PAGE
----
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Woman indicted in Missouri MySpace suicide case

In this Monday, Nov. 19, 2007 file photo, Tina Meier holds two pictures of her daughter Megan who committed suicide last October after receiving cruel messages on MySpace, in St. Charles, Mo. A federal grand jury in Los Angeles on Thursday, May 15, 2008, indicted a Missouri woman, Lori Drew of suburban St. Louis for her alleged role in perpetrating a hoax on the online social network MySpace against Megan Meier. ( AP Photo/Tom Gannam, File)
In this Monday, Nov. 19, 2007 file photo, Tina Meier holds two pictures of her daughter Megan who committed suicide last October after receiving cruel messages on MySpace, in St. Charles, Mo. A federal grand jury in Los Angeles on Thursday, May 15, 2008, indicted a Missouri woman, Lori Drew of suburban St. Louis for her alleged role in perpetrating a hoax on the online social network MySpace against Megan Meier. ( AP Photo/Tom Gannam, File) (Tom Gannam - Associated Press)
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By LINDA DEUTSCH
The Associated Press
Thursday, May 15, 2008; 10:50 PM

LOS ANGELES -- A Missouri woman was indicted Thursday for her alleged role in perpetrating a hoax on the online social network MySpace against a 13-year-old neighbor who committed suicide.

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Lori Drew, 49, of suburban St. Louis, who allegedly helped create a MySpace account in the name of someone who didn't exist to convince Megan Meier she was chatting with a 16-year-old boy named Josh Evans, was charged with conspiracy and fraudulently gaining access to someone else's computer.

Megan hanged herself at home in October 2006, allegedly after receiving a dozen or more cruel messages, including one stating the world would be better off without her.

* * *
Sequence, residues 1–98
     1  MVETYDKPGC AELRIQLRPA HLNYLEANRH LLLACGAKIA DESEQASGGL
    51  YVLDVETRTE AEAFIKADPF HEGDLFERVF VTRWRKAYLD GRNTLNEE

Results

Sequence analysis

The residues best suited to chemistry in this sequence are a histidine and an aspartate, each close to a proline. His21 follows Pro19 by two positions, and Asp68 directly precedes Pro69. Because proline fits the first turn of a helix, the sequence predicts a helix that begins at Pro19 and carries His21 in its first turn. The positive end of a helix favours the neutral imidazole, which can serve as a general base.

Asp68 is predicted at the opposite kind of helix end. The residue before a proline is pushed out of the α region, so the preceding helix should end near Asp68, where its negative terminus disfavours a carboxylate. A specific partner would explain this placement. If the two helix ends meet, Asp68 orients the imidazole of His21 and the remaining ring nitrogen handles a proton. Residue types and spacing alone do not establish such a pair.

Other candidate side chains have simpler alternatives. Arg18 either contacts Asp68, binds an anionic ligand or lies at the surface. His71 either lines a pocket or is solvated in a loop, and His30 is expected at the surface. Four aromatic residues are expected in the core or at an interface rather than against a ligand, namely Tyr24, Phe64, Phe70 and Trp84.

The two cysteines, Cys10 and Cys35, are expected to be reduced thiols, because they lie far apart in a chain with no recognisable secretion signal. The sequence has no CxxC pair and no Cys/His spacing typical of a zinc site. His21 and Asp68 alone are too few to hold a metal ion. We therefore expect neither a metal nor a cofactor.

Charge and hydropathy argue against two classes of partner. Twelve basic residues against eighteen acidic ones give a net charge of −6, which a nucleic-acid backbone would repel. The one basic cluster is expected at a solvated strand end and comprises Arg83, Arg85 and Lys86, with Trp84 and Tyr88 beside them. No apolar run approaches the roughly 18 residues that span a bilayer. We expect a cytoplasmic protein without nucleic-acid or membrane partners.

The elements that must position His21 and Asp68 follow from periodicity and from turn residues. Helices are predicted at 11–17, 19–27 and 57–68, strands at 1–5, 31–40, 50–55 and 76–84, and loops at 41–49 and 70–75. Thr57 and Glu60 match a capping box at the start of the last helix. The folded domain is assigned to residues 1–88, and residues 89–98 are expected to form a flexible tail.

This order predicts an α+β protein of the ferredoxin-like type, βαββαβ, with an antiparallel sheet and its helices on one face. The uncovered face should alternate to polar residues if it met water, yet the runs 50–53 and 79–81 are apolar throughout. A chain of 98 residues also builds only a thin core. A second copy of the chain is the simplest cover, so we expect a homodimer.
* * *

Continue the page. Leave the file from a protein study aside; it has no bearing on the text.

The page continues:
Salvador Hernandez, assistant agent in charge of the Los Angeles FBI office, called the case heart-rending.

"The Internet is a world unto itself. People must know how far they can go before they must stop. They exploited a young girl's weaknesses," Hernandez said. "Whether the defendant could have foreseen the results, she's responsible for her actions."

Drew was indicted by a federal grand jury on one count of conspiracy and three counts of accessing protected computers without authorization to get information used to inflict emotional distress on the girl.

Drew has denied creating the account or sending messages to Megan.

Dean Steward, a lawyer representing Drew in the federal case, said a legal challenge to the charges was being planned. He characterized them as unusual and puzzling.

"We thought when prosecutors in St. Louis looked at the case and all the facts, it was clear no criminal acts occurred," Steward said.

A man who opened the door at the Drew family home in Dardenne Prairie, Mo., on Thursday said the family had no comment.

Megan's mother, Tina Meier, told The Associated Press she believed media reports and public outrage helped move the case forward for prosecution.

"I'm thrilled that this woman is going to face charges that she has needed to face since the day we found out what was going on, and since the day she decided to be a part of this entire ridiculous stunt," she said.


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